Wednesday, June 29, 2011

What is it?

Who'd like to take a guess?


Gamble Room, ceiling detail
I am having a wonderful but very full time here in London. We are overwhelmed - whether it's the crush of tourists in Covent Garden, or the noise and cacaphony of the Brick Lane market in the East End, there are so many sights and sounds it has been hard to do more than just take it all in.

Everything is full of detail and meaning, and resonates its history and place in popular culture.

You know how you can get overwhelmed while visiting a museum? And you decide you have to take it in one or two wings at a time, and save the rest for another day. Well, the city of London is a little like that.

And speaking of museums - we visited the Victoria & Albert Museum yesterday. Even the museum cafe is overwhelming.

The V & A, as far as anyone can tell, was the first museum ever to have a restaurant inside for hungry patrons to rest and eat. The cafe was decorated in a style to showcase current decorative design.

So here is the Gamble Room at the V & A. It was designed by James Gamble and built around 1865. You can enjoy your tuna salad on baguette beneath the ceramic-encrusted columns and arches and the enameled tin ceiling.

And that's just one of the rooms. Another was designed by William Morris.

Victoria and Albert Museum, Morris Room detail
You have a sandwich lunch in there and try not to feel overwhelmed!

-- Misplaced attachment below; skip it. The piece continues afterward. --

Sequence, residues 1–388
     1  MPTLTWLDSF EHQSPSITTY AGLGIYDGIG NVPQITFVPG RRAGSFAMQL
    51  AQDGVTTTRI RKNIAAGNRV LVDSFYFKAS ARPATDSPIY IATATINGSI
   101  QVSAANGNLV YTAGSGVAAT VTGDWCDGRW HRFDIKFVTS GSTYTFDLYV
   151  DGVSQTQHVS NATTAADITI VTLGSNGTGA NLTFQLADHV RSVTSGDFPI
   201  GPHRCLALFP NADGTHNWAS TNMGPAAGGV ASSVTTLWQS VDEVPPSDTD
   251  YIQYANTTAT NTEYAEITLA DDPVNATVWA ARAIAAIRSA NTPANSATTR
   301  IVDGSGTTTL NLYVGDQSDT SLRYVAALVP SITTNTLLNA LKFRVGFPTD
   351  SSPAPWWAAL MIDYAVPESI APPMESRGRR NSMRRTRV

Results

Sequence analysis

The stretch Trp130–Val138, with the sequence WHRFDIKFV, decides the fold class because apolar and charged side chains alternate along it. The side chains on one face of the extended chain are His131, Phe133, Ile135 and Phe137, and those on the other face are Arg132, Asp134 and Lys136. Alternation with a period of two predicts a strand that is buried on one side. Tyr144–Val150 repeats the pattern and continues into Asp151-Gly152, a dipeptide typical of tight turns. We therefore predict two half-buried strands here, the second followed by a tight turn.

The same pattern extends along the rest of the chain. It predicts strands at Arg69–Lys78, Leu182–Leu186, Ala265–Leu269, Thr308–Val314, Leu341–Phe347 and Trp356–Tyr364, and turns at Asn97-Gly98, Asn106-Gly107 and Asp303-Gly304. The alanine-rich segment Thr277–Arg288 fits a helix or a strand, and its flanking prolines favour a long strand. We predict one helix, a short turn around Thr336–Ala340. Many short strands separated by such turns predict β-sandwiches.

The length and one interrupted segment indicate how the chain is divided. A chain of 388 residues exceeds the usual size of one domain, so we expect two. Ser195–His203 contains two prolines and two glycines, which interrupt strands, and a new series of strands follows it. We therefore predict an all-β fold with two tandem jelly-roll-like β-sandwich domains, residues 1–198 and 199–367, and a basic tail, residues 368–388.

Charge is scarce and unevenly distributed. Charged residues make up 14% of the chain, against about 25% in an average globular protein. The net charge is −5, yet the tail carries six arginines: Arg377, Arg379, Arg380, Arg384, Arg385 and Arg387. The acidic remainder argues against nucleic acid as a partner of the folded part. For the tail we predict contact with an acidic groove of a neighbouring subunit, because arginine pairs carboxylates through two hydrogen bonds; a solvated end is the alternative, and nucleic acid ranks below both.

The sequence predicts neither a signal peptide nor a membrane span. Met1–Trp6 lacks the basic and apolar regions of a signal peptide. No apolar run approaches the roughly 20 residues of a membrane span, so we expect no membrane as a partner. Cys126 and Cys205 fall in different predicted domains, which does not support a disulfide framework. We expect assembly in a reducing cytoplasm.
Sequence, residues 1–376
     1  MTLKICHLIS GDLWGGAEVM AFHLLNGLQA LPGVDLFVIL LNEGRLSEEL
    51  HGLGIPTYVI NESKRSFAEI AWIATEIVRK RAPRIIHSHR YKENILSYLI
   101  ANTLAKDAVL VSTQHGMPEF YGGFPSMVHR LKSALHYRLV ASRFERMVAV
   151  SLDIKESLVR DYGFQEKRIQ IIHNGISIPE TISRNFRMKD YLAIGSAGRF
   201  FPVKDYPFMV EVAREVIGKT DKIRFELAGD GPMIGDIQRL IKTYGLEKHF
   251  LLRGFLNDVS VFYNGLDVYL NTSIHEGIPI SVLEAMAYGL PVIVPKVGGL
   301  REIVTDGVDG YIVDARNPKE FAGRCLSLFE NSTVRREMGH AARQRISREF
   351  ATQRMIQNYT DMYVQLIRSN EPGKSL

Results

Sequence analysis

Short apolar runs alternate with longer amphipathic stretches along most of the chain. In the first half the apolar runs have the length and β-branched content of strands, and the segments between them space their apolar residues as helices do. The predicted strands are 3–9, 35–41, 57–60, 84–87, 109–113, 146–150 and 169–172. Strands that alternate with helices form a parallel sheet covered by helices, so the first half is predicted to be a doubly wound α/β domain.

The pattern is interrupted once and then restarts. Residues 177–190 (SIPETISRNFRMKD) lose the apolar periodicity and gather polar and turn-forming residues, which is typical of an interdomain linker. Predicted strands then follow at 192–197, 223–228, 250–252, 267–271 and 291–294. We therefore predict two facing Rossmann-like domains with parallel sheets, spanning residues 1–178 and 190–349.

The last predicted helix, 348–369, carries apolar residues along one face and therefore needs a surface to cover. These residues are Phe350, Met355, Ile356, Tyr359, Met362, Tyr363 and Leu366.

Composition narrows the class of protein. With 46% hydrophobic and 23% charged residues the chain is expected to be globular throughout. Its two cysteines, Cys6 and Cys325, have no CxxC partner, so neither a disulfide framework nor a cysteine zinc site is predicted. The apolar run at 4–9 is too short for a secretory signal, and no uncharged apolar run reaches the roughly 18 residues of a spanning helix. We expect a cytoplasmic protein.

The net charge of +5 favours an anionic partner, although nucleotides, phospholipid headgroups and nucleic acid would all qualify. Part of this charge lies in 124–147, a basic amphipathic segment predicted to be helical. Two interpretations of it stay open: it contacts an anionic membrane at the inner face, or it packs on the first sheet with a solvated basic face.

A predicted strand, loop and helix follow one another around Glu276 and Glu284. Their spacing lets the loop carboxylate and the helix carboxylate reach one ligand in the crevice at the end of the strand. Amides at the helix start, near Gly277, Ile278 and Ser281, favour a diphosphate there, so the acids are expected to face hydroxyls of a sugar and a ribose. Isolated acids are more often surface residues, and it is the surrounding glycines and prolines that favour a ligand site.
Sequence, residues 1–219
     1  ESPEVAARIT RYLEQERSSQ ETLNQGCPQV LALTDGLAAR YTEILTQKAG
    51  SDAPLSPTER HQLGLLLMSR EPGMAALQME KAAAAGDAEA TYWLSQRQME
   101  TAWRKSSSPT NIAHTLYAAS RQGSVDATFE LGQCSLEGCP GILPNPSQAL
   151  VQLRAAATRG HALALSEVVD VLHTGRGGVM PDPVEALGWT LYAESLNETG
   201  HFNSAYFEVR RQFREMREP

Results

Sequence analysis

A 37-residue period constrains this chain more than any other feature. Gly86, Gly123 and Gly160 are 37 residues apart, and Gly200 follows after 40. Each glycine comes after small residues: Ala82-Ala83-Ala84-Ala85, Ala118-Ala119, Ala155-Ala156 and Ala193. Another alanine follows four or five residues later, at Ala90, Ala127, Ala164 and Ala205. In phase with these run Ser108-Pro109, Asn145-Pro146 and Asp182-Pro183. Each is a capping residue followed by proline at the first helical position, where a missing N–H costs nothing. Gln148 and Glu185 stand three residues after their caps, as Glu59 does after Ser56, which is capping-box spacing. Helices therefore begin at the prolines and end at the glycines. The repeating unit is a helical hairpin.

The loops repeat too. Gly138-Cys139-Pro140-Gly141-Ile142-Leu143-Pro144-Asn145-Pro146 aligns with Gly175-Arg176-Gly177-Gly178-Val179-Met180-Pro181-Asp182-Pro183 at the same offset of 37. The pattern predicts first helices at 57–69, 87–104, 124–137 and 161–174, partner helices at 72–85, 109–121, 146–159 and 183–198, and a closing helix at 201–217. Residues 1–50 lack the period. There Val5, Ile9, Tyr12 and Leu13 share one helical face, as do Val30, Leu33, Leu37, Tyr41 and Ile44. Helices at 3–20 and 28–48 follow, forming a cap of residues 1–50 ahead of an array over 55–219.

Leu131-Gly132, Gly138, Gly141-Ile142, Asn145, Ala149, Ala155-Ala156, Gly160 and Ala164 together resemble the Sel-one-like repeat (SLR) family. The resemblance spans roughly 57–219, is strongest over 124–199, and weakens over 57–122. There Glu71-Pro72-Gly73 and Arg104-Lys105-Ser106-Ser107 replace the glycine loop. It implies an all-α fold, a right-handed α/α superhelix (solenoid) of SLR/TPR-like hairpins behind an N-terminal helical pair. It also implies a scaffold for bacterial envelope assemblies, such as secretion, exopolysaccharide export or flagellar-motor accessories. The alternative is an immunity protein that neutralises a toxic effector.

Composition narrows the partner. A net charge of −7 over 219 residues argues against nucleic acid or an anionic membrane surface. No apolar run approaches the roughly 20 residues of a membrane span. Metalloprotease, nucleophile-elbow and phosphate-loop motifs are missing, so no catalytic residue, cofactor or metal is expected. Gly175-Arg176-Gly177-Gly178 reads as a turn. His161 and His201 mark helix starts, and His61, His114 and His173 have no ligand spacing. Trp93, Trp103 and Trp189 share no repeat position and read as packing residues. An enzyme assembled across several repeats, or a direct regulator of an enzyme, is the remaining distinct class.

Tuesday, June 28, 2011

Vaults and vines

In the 17th century, the area around Villiers Street was part of an estate owned by the Duke of Buckingham. Number 47 was a respectable house occupied by a bookish fellow named Samuel Pepys, who kept a diary of his daily activities. He lived here until 1701.

By 1792, the Pepys house had been demolished and the site was home to a warehouse for a firm of seedsmen called Minier, Minier & Fair, who found it convenient for loading and unloading cargo from the docks along the Thames river.

But in the 19th century, the area was drastically changed by commercial development. Charing Cross railroad station was built in the 1850s, and the Thames was pent up between stone embankments, bridged and bolstered by railway lines and, finally, by Tube stations, streets, shops and commercial development.

The seed warehouse, now landlocked, became a rooming house of dubious respectability - it may have been a brothel in the 1920s. On the ground floor, in 1890, a wine merchant named Angus Stafford Gordon set up shop.But even then, it retained its literary heritage, housing Rudyard Kipling in the parlour room above the wine bar.

Enter through a narrow doorway, and descend a steep stairway to the lower bar, where huge casks are ranged behind the bar, and tapped by the barman for your order.

Gordon's is said to be the oldest continually operating wineshop in London - and probably in the world. It is family owned and operated. Only wine is sold, no beer, ale, or liquor. Sherries, Madeiras and ports are served directly from the cask.

Once you have your drink, you'll need to find a table in the dark cellar seating area. If you're tall, stoop and mind your head on the low arching stone vaults, lit only by candle light.

Sit and sip your tawny port or gold-brown amontillado.

You can't do this anywhere in the world but London.

Monday, June 27, 2011

Cheese it

When you step into the Neal's Yard shop at Borough Market, the first thing that hits you is the smell.